"An innovative solution for the removal of PFAS in complex waste streams"
Per- and poly-fluoroalkyl substances (PFAS) represent a challenging pollution concern all over the world posing a significant risk to human health and the environment. As PFAS chains do not break down easily, the compounds are now being detected in industrial wastewaters, landfill leachate, and wastewater treatment plants.
Concerns about PFAS contamination from landfills are driving wastewater treatment plants to stop receiving leachate unless effective pretreatment is completed.
PFAS removal from landfill leachate is particularly difficult to treat due to the complex chemistry, inconsistent feed quality, suspended solids and varying flow rates. Current options are limited and typically require comprehensive and expensive pre-treatment.
LMS has partnered with The Water and Carbon Group (WCG) to offer its LEEF System® as a low-energy PFAS extraction and volume reduction system. Based in Australia, WCG developed the LEEF System® to treat highly contaminated wastewater such as landfill leachate or brine streams from industrial or mining activities. A key feature is that pre-treatment is typically not required for direct PFAS removal.
The LEEF System® (Low Energy Evaporative Fractionation) is an innovative solution for the removal of PFAS from complex waste streams using minimal energy and no chemicals or consumables. Utilizing foam fractionation, the system removes up to 100% of targeted compounds and is effective without costly pre-treatment.
The LEEF System® is modular, so it is easy to scale up to fit a facility’s treatment needs. This flexibility allows the system to be customized to meet site-specific challenges for different leachate characteristics and flow. The flexible and robust modular system can be assembled to treat any volume from 5,000 gpd to 500,000+ gpd. The technology has already been successfully deployed at a landfill leachate treatment plant in the northern Australian city of Darwin, treating 36,000 gallons of complex leachate each day, in a zero liquid discharge operation.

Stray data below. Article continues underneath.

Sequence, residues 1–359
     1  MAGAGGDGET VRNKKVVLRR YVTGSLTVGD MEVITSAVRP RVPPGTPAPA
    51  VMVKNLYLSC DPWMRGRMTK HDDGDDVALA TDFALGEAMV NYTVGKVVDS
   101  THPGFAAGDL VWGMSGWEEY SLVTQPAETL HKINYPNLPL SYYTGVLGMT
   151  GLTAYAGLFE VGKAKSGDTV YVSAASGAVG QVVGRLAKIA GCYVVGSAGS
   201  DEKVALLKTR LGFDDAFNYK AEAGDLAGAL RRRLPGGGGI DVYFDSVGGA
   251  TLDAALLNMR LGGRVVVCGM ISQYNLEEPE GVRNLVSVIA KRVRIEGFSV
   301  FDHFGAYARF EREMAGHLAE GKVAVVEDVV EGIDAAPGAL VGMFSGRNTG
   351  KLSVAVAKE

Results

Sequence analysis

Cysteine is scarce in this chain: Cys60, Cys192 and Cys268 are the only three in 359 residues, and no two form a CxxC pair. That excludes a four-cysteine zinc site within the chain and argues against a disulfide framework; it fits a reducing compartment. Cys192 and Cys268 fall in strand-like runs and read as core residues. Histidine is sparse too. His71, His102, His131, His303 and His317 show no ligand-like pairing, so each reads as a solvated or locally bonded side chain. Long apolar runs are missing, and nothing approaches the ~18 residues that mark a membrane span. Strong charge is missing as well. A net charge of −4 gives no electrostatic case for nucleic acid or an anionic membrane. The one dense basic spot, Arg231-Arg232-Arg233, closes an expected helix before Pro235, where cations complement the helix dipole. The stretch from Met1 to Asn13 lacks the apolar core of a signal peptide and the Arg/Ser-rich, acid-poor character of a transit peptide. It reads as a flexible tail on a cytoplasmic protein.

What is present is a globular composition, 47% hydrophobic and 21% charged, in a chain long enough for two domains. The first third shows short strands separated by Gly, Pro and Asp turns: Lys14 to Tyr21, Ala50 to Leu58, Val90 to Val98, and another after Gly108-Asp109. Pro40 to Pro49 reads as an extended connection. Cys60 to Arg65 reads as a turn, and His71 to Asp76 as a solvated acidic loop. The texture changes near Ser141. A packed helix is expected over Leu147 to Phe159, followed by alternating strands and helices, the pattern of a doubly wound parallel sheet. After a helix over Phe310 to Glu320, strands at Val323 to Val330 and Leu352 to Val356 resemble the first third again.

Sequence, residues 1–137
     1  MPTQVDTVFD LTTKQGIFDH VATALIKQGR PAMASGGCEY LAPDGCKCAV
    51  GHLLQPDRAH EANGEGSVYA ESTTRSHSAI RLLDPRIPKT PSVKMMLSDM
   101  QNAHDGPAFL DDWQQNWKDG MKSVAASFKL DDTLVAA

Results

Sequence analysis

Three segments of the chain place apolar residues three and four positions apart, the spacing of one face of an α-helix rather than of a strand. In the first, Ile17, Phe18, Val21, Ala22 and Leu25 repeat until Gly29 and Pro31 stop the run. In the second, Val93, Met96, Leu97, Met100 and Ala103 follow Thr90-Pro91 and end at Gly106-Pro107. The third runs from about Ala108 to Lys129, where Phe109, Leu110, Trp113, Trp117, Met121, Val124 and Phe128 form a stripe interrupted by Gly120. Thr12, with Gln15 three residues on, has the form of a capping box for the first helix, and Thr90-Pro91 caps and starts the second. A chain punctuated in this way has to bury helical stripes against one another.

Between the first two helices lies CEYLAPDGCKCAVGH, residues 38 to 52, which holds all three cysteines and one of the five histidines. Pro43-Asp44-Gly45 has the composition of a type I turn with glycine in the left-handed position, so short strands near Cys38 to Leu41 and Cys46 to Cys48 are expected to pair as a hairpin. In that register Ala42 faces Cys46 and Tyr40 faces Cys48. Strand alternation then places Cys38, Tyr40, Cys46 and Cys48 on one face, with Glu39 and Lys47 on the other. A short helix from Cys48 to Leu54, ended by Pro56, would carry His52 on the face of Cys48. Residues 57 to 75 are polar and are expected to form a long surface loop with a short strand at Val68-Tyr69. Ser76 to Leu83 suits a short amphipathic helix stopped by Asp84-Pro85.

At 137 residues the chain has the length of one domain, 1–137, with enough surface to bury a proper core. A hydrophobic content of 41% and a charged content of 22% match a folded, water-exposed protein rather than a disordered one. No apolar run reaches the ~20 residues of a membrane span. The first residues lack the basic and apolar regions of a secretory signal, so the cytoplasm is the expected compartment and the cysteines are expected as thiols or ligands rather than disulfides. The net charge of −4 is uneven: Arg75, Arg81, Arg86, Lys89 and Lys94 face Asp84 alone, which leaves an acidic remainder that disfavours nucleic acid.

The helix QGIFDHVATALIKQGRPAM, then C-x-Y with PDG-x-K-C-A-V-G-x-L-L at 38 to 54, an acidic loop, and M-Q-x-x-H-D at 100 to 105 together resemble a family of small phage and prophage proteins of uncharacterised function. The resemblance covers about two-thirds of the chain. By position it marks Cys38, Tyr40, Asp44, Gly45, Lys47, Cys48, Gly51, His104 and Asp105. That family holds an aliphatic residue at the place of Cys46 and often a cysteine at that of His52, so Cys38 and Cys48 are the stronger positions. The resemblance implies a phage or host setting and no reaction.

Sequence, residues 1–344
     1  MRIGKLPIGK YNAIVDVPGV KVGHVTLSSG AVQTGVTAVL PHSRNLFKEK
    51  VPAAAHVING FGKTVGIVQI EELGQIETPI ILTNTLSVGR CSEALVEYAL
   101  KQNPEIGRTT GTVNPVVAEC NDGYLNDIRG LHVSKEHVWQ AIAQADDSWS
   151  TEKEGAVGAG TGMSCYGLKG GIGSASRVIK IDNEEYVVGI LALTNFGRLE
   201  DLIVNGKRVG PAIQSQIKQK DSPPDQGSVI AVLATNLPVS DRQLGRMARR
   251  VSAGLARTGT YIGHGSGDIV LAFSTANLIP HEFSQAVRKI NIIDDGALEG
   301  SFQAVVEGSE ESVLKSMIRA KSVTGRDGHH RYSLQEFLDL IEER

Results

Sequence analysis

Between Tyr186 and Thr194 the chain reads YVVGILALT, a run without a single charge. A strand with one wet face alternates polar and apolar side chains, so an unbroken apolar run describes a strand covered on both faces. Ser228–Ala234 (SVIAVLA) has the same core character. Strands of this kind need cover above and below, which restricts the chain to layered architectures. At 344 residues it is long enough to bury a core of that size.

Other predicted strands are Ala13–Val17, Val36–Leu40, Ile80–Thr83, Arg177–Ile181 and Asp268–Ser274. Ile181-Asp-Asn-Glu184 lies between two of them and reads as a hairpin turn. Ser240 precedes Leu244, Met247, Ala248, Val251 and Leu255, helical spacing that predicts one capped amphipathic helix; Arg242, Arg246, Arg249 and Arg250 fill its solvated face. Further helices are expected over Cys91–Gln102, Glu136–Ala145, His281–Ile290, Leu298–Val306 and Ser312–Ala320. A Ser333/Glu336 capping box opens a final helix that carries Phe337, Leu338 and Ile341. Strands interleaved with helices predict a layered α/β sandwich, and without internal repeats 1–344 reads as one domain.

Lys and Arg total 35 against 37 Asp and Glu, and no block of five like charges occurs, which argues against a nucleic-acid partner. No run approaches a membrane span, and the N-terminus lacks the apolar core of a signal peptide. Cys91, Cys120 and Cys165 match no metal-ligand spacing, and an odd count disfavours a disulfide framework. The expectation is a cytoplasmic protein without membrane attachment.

The LEEF System® Benefits:
• Direct PFAS Removal Without Pre- treatment
• Removal to Limit of Detection
• Flow Rates 7,500 gpd to 250,000 gpd
• Below 1% Waste Stream
• Multiple Treatment Capacities
• Multiple Project Delivery Methods
• Low Energy & Operational Requirements
• Easily Scalable & Modular
To show capability in the US, WCG constructed a mobile demonstration-scale system that consists of four fractionators housed in a 40-foot shipping container that can be easily deployed throughout the country.
Since Summer 2022, WCG and LMS have been successfully removing PFAS from highly contaminated landfill leachates, including reverse osmosis concentrate (RO reject), during demonstration trials for some of the largest solid waste companies in the country. Check out the results below!
Case Study #1: Demonstration at a Tennessee Landfill
The first demonstration was completed at a Tennessee landfill to treat three diverse raw leachates and one RO reject. The streams were highly co-contaminated including: